By David Philips*/
Leaders are judged by their performance,their plans, and theircharacter. This article provides analysis of Albania’s political and economic development, based on my experience working on Albanian issues for more than 25 years.
It assesses the quality of Albania’s current leadership, drawing on my impressions of Dr. Sali Berisha,Chairman of the Democratic Party,whom I first met in 1991. In writing this article, I have tried to take a step back and see the big picture giving historical context to Albania’s current challenges.
Dr. Berisha participated in the democratic movement that overthrew Ramiz Alia, ending one of the world’s worst dictatorships. He helped free Albanians from fear that paralyzed society during the paranoid and tyrannical reign of Enver Hoxha.
Overthrowing Communism was an event. However, removing Hoxha’s legacy of state-sponsored terror has been a process, which requires the transformation of Albanian society. Dr. Berisha has been a change-agent for more than two decades. He and other Albanians celebrated 20 years of freedom and democracy on March 22,2012.
Once ostracized by the West,Albania has been integrated into Euro-Atlantic institutions. In April 2009, Albania became a member of NATO. It was an historic occasion, which was the culmination of great efforts over many years.
Defense and security sector reforms, as well hard-fought democratic and institutional reforms were required for Albania to join the Alliance.
Albania is also making progress with its Euro-Atlantic integration.
I never cease to be amazed that the EU approved visa liberalization for Albanian passport holders in December 2010. Once the pariahs of Europe, Albanians now travel freely in Shengen countries. Albania is also moving towards EU membership.
The European Commission recommended a 12-step plan in 2009 then, validating Albania’s progress, the Commission recommended EU candidate status for Albania in October 2012.
Candidacy would not have happened if Dr. Berisha had not been willing to work with the opposition.
Showing flexibility and compromise,he forged agreement with Edi Rama and the Socialist Party on constitutional changes. The Democratic Party also forged a coalition with the Socialist Movement for Integration (LSI).
Economic growth and Foreign Direct Investment have continued despite the recent global economic crisis. For 4 years in a row, Albania’s GDP growth was greater than any other country in Europe. Infrastructure has been built, including construction of the Kërrabë tunnel and hundreds of kilometers of new roads. Living standards are rising. Social services have expanded with the construction of 1,300 new schools. For sure, moremust be done to fight corruption and cronyism.
Albania celebrated 100 years of independence on November 28, 2012. Its entennial was attended by citizens and world leaders. Albania has gained significant influence in the region. It was pivotal, for example, stewarding Kosova’s path to independence that culminated in its coordinated declaration of independence in 2009.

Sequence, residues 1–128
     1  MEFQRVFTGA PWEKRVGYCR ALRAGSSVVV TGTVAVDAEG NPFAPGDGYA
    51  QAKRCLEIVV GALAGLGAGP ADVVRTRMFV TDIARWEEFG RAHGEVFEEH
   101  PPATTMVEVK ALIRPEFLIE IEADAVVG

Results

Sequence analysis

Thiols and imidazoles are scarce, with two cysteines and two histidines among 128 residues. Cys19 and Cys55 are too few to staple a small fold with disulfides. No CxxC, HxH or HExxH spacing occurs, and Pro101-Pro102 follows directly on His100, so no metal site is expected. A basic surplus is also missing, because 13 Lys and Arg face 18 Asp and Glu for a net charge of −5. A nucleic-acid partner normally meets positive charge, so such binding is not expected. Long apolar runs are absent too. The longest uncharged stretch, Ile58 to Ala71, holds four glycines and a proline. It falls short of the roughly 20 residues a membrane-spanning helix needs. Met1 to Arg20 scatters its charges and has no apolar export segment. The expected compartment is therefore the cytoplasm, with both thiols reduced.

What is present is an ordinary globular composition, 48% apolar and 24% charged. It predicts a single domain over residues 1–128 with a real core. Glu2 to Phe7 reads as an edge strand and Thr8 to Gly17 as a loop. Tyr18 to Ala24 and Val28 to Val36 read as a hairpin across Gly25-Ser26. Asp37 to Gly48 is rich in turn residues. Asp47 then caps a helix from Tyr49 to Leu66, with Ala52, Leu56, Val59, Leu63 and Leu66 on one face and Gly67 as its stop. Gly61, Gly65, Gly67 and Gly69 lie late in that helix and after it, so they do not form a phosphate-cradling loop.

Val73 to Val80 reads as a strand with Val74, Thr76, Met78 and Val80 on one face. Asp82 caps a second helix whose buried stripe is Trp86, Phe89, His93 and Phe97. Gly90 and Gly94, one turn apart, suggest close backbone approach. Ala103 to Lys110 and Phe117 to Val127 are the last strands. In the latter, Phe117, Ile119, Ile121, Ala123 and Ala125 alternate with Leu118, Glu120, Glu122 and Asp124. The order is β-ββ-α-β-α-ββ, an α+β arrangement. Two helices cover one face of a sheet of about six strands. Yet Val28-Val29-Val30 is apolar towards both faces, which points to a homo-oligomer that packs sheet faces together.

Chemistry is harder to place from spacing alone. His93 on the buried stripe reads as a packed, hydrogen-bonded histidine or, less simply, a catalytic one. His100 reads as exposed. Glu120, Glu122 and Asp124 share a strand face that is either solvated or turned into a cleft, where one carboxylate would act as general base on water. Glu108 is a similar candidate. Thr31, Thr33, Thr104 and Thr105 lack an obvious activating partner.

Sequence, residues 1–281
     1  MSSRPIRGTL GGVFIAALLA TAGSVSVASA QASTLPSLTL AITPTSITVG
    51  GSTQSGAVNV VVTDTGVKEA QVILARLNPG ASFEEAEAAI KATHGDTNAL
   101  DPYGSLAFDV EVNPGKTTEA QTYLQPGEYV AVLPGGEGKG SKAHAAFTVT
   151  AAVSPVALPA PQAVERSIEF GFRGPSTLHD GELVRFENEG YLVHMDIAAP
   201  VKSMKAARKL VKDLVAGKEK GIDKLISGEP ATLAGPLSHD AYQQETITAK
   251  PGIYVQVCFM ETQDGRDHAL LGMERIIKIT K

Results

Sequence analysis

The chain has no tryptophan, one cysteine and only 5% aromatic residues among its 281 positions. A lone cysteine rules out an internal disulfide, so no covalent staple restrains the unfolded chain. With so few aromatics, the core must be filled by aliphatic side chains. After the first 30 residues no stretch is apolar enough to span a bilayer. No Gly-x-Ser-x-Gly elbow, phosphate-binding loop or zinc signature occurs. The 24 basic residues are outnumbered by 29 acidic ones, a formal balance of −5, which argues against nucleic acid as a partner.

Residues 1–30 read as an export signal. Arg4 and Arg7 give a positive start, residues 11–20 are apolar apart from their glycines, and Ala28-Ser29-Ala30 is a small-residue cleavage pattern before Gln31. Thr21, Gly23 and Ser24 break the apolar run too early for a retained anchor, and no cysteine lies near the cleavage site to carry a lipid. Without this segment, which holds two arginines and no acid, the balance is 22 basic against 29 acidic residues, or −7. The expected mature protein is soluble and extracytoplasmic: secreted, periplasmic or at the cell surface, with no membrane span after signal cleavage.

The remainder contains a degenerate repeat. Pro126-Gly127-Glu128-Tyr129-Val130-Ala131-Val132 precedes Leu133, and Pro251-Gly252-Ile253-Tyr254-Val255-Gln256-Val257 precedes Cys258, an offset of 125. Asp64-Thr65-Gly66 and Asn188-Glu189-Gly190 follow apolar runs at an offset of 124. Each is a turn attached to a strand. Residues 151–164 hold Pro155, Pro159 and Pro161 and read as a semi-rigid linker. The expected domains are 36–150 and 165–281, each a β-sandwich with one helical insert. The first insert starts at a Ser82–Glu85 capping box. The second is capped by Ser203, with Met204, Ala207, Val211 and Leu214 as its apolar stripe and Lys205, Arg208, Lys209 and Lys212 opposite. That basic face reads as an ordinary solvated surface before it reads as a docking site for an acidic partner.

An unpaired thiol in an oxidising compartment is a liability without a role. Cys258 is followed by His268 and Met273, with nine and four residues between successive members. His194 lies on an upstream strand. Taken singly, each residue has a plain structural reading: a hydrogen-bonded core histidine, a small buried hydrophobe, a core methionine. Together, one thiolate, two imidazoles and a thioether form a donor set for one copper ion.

Albania has unfinished business. Dr. Berisha is committed to political dialogue addressing the final hurdles to EU membership,including judicial and public administration reforms, as well as revised parliamentary rules and procedures.
Parliamentary elections will be a crucial test for the smooth functioning of the country’s democratic institutions. Dedicated to free and fair elections, the government has invited domestic and international monitors. Dr. Berisha insists that he will accept election results, which reflect the will of the people.
The Democratic Party’s platform includes plans for additional infrastructure. It pledges to invest $16 billion to create 250,000 new jobs over the next 4 years. It plans to increase salaries; raise pensions; and reform the labor market, transforming unemployment benefits into employment incentives.“Obligatory insurance of medical care” is planned for all citizens.
I have known Dr. Sali Berisha for nearly 25 years. So I feel qualified to say something about his character.
The 1997 pyramid collapse occurred on his watch. But Dr.Berisha did not shirk responsibility.
Rather, he struggled to stabilize Albania during the crisis, then negotiated,
then stepped aside, arrangingthe peaceful transfer of power to the Socialist Party. He is one of the few politicians who learned from his mistakes and emerged both a better leader and human being.
Dr. Berisha’s critics accuse him of being more devoted to power than public service. Opponents say he is vindictive and holds a grudge.
The man I know uses power with a purpose. He loves Albania and is devoted to Albanians. He is a conciliator, as evidenced by his cooperation with former opponents like Mr. Edward Selami and Mr.Dashamir Shehi Albania is at a historic crossroads on its path to European integration.
More than a passionate patriot, Dr. Berisha has the character and leadership to help Albania fulfill its destiny as a respected partner of the international community.
(*Mr. Phillips is Director of the Program on Peace-building andRights at Columbia University’sInstitute for the Study of HumanRights. He is author of Liberating Kosovo: Coercive Diplomacy and U.S. Intervention).